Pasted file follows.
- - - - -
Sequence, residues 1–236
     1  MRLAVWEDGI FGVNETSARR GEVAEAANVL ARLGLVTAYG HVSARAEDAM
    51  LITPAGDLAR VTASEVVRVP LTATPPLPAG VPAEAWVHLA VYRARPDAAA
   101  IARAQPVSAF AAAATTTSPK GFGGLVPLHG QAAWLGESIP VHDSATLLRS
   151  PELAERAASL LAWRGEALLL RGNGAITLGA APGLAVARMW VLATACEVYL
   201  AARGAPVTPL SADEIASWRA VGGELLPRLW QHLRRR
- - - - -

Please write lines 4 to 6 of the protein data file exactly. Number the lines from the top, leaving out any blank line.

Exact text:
   101  IARAQPVSAF AAAATTTSPK GFGGLVPLHG QAAWLGESIP VHDSATLLRS
   151  PELAERAASL LAWRGEALLL RGNGAITLGA APGLAVARMW VLATACEVYL
   201  AARGAPVTPL SADEIASWRA VGGELLPRLW QHLRRR